Avian flu viruses detected

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The bird flu virus H5N1 was detected in a poultry farm in Mecklenburg-Western Pomerania. As a precaution, according to the Ministry of Agriculture, all 17,000 ducks and geese are killed.

(13.11.2010) The avian influenza virus H5 was detected in a poultry farm in Mecklenburg-Western Pomerania. As a result, all 17,000 ducks and geese were killed to prevent them from spreading to other animals. A hastily convened working group from the Ministry of Agriculture in Schwerin is currently advising on how to proceed. The flu viruses are suspected of mutating.

Bird flu virus detected in Mecklenburg-Western Pomerania
In the Parchim district, the avian influenza virus H5 was found in some animals in a fattening and poultry farm. For this reason, the Ministry of Agriculture in the affected company ordered the mass killing of a total of 17,000 ducks and geese to prevent further spread to other animal populations, as the Ministry announced on Friday.

Influenza could become highly contagious
The flu has the dangerous property of developing from a non or minor illness to a highly contagious illness. "This is exactly where the danger lies," explained state veterinarian Maria Dayen. Now a special company is supposed to kill all animals of the company in compliance with the disease protection guidelines. The carcasses are then burned or otherwise rendered harmless. However, the company is reimbursed from the so-called animal disease fund the financial value of the animals killed.

Restricted area established around the poultry farm
As the Parchim district administration informed, a restricted area of ​​one kilometer has been set up around the fattening farm. As it was said, the manufacturer voluntarily takes part in the national monitoring program for avian influenza (bird flu). This program was set up specifically to detect virus infections in good time. In the same routine test, influenza A antibodies of the H5 subtype were found in some animal blood samples. These findings suggest a corresponding infection. Although this form of the pathogen is harmless at first, mutations can further develop the pathogen and develop a high level of explosiveness for the health of animals and humans. The findings have already been confirmed by the State Office for Agriculture, Food Safety and Fisheries and by the Friedrich Loeffler Institute on the island of Riems as a national reference laboratory. So far, the presence of a highly pathogenic virus has been excluded. However, it is not the H5N1 virus, but the harmless H5N2 pathogen, which in itself is completely harmless to humans and even asymptomatic for animals.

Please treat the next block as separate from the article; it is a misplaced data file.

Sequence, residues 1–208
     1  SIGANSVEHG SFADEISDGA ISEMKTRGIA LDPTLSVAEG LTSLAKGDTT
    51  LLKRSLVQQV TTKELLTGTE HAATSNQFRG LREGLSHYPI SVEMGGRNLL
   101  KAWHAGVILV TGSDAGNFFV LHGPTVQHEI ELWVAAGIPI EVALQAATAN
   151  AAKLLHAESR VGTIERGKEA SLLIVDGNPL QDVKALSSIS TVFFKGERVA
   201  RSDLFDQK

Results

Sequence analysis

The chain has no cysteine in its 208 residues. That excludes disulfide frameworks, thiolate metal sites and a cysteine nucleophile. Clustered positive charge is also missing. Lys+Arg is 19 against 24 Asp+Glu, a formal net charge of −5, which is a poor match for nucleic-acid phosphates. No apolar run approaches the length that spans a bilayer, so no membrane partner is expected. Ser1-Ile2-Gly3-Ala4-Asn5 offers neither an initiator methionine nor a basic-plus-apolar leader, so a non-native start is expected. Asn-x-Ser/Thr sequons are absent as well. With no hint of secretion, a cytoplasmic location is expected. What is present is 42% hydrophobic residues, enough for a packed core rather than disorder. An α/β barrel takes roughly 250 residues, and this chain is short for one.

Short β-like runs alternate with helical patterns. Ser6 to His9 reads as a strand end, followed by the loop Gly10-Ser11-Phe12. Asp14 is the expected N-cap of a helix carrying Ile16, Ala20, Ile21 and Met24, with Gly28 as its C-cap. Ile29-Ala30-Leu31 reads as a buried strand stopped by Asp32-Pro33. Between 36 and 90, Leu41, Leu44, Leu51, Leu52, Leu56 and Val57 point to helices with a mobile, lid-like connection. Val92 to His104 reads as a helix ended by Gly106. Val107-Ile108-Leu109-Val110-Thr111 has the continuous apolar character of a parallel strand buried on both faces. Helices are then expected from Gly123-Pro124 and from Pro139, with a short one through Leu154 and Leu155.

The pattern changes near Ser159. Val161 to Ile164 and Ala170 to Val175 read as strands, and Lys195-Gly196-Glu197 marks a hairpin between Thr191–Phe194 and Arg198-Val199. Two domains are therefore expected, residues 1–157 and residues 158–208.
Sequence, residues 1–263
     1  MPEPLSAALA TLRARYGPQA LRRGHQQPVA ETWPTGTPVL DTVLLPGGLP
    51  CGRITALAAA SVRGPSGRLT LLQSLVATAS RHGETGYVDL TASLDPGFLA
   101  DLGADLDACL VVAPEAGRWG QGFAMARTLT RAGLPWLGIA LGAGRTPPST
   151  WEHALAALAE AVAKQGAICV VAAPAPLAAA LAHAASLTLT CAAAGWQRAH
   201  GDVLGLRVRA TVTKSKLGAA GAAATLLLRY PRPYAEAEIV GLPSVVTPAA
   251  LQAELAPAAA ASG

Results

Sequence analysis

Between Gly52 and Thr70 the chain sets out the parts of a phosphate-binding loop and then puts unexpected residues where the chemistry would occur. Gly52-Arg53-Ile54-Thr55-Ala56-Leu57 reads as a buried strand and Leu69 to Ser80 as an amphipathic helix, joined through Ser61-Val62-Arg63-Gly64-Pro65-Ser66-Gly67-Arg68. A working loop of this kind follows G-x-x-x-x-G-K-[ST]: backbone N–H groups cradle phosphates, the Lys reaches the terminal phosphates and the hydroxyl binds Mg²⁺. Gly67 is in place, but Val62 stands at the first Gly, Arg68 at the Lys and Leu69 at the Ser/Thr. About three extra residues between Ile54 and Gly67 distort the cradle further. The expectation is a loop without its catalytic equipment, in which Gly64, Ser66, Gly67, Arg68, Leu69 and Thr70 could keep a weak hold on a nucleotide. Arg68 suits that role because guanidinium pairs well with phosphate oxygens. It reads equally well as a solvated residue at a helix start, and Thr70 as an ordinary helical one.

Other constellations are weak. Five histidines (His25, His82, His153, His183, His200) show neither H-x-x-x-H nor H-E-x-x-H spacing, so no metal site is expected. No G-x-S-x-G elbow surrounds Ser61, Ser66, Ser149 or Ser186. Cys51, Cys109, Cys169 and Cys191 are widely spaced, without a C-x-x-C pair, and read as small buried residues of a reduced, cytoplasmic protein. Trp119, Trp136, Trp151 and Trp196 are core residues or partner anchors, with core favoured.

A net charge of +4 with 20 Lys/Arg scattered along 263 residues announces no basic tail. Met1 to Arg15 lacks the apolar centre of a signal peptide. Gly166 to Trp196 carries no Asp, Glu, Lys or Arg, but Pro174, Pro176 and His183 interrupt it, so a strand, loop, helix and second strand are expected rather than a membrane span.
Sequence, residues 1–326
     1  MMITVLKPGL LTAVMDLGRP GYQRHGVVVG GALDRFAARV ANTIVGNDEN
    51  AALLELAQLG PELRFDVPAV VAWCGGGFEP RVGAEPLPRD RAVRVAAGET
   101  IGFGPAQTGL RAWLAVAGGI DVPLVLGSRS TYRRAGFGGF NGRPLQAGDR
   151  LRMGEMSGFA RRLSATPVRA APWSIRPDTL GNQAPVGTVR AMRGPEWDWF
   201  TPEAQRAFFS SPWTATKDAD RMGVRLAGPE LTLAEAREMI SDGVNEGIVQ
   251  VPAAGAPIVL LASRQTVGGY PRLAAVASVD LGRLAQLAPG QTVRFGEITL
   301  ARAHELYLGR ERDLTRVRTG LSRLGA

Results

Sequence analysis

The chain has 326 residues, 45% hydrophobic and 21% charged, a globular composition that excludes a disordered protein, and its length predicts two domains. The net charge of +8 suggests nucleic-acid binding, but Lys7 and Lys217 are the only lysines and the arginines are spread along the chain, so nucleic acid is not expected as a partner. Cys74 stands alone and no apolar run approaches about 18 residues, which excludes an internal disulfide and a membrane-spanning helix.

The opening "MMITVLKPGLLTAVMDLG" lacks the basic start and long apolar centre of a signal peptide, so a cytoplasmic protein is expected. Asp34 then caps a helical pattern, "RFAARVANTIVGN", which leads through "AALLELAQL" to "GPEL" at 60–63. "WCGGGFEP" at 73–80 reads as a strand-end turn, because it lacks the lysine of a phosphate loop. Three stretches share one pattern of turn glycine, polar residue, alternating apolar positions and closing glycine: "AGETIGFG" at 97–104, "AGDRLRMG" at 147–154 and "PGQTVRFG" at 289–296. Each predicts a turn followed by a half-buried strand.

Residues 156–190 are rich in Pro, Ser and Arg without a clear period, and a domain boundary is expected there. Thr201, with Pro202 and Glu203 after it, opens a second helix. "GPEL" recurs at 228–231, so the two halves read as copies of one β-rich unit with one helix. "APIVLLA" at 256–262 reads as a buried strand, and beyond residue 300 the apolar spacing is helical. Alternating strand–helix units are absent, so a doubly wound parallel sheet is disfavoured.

Health risk for humans currently harmless
Most recently the public was startled by the spread of bird flu in 2006. Numerous wild birds and farm animals in Germany were infected with the H5N1 bird virus. After the initial panic, however, it could be stated that the avian influenza virus has only been sporadically transmitted to mammals and humans in recent years. However, if transmission occurred, the infection was often fatal.

Health experts and scientists around the world estimate the risk to humans of H5N1 infection to be extremely low. The infections primarily affected people who lived in intensive contact with the sick birds. This connection was found primarily in Asian countries. (sb)

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